What are the Four Key Documents of Your Estate Plan?

1. The Last Will and Testament
A Will is a document signed by an individual (the "Testator") in accordance with certain formalities that directs the disposition of his property (personal possessions, "intangible" assets, such as cash, stock and bonds, as well as real estate) at death.
A Will allows the Testator to choose a guardian for his or her minor children if the other parent is not living. Without a Will, the probate court will determine who will serve as guardian.

2. The Durable Power of Attorney
A Durable Power of Attorney is a document in which the principal (the person giving the power) authorizes an agent (called an "attorney-in-fact") to perform certain acts relating to the principal's finances. The attorney-in-fact does not have to be an attorney.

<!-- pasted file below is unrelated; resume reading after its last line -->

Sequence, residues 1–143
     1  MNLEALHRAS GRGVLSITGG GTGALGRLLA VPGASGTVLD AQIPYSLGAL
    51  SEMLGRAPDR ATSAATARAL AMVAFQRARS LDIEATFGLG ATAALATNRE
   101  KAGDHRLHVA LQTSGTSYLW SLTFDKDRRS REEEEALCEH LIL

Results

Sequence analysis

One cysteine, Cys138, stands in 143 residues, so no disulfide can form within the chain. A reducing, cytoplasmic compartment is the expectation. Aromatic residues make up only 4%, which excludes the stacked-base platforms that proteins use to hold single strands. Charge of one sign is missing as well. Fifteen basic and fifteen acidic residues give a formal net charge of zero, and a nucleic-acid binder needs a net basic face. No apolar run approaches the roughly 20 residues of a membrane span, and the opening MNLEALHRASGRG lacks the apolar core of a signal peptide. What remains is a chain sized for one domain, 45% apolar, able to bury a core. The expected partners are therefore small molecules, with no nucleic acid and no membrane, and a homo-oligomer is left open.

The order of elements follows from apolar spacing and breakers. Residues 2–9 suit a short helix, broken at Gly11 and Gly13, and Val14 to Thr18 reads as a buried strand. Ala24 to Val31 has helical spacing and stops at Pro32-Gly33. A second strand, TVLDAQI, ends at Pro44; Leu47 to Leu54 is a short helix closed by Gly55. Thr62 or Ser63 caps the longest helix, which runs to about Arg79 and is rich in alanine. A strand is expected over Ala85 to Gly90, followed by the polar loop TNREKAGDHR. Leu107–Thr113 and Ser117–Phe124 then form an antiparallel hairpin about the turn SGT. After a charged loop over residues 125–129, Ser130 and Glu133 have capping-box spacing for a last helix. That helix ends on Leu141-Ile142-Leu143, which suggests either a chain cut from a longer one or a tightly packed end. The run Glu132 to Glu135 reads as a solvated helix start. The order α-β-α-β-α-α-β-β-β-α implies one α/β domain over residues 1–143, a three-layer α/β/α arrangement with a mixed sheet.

3. The Health Care Power of Attorney
A Health Care Power of Attorney is a written document signed by the principal, which authorizes an attorney-in-fact to make all health care decisions for the principal when the attending physician determines that the principal is incapacitated so as to be unable to make health care decisions for himself or herself.

4. The Living Will
Living Wills, called "Declarations," are used by individuals, called "declarants," who desire to express their wishes regarding their health care if they should be terminally ill or in a permanently unconscious state.